Becoming a Teacher Later

Becoming a Teacher Later
Many people have successful careers only to realize that something is missing. Teaching can satisfy that missing 'something'. Explore the possibilities of becoming a teacher in your 30's, 40's and even your 50's.
Many people enjoy successful careers only to come to the realization that something is missing. That 'something' is often supplied by a desire to teach. Can you become a teacher later in life? The answer is a qualified 'Yes!'  What is involved? You need to make sure that your credentials are in order. A master's degree in your subject will always get your resume noticed. A tthe most effective ways of networkingeaching certificate and/or education courses will strongly support your application.

Questions You Need To Ask Yourself
Are you a digital dinosaur?
If you have not interwoven technology into your life, then look at some profession other than teaching. Private schools have been in the vanguard of technology use in the classroom since the mid-1990s. Being a digital dinosaur will simply not cut it these days if you plan to become a teacher in a private school. This TED Talk discusses the changes in classroom teaching which digital learning has made possible.
Communications are almost entirely digital. Instant messaging and email allow you to ask questions, give instructions, alert people, and so on. Keeping your lesson plans in Microsoft Word or Access enables you to update those valuable lesson plans efficiently. Presenting your lessons on a powerful application such as Powerpoint will give your presentation a dynamic, state-of-the-art feel. Your students will be operating in a work environment where these tools are used. 

Have you stopped learning?
If you have stopped learning, then find something else to do. Teaching is all about being a life-long learner. After all, that is what you are encouraging your young charges to be, isn't it? Your intellectual curiosity must never die. It is the hallmark of a good teacher.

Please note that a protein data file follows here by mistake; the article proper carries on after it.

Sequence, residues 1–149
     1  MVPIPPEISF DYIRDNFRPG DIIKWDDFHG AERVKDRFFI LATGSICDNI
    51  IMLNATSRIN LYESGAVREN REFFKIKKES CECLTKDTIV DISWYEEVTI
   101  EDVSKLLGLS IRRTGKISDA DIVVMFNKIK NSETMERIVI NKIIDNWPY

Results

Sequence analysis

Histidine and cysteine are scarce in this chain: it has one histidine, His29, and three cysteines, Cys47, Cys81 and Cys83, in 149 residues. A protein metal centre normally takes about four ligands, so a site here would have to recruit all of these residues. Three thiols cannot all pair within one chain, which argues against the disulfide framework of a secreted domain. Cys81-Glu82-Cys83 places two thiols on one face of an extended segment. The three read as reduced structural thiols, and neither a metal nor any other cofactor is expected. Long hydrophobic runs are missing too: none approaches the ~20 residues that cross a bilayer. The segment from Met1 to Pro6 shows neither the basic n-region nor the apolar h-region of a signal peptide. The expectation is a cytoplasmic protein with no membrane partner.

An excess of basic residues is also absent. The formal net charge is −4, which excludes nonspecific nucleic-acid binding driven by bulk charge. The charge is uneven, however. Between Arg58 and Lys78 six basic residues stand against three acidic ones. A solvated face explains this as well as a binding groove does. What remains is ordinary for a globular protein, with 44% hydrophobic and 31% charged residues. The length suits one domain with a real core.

Encourage your students' native curiosity. You can do that by teaching them how to Google efficiently. Using a search engine like Google without setting filters will yield millions of results. Many of the results on the first page will often not be relevant or what you are really looking for. Teach them to think critically.
Do you bristle at change?
You need to look elsewhere if you cannot stand change. Teaching is not a static profession. True, some things stay the same. A teacher will always stimulate, inspire, guide and direct. But what you teach and the way you teach is dynamic. The methodologies and presentation are changing constantly to adapt to new circumstances. This short video offers some suggestions on how to deal with change in life, in the workplace, and so on.
The key to success in dealing with change is to confront it and understand it. Pretending that change does not exist won't work. Being frightened of or nervous about change is perfectly normal. Just don't let it dominate your thinking.

Is your network up to date?
Your friends and colleagues are the best way to open the doors and get you noticed. Every private school position will have dozens of applicants. Your application must stand out from the crowd. A well-maintained network is critical to your job search success. Take time to understand the most effective ways of networking in the digital age.

What about your age?
It is against the law to discriminate on the basis of age. A few gray hairs and a birthday in the '60s and '70s is a non-issue. Thousands of men and women have made the sort of career change which you are contemplating. They are very glad that they took up teaching. Shaping young lives and stimulating young minds is a rich, rewarding experience. The following TED Talk tells one person's story about becoming a teacher later in life.
Mature men and women bring a wealth of knowledge and experience to teaching. Those attributes cannot be taught in a classroom. Alternative certification routes make a teaching career an attractive, viable option for mature individuals. Furthermore, when a school looks at your academic credentials and sees a master's degree, that's a big plus. So will be your stated love of badminton, squash, and tennis, for instance. Why would your love of sports be important? Because private schools pride themselves in educating the whole child. Academics, sports, and extracurricular activities are all part of the package which schools market to families.
One of the issues which you might encounter as a mature person is your compensation. Some schools might assume that they cannot afford you. When they see that you have an advanced degree, for example, an MBA, they may not realize that you know that you won't make as much as a teacher as you did in the business world. To get ahead of that concern, state as much very clearly in your cover letter.
Questions? Contact us on Facebook @privateschoolreview
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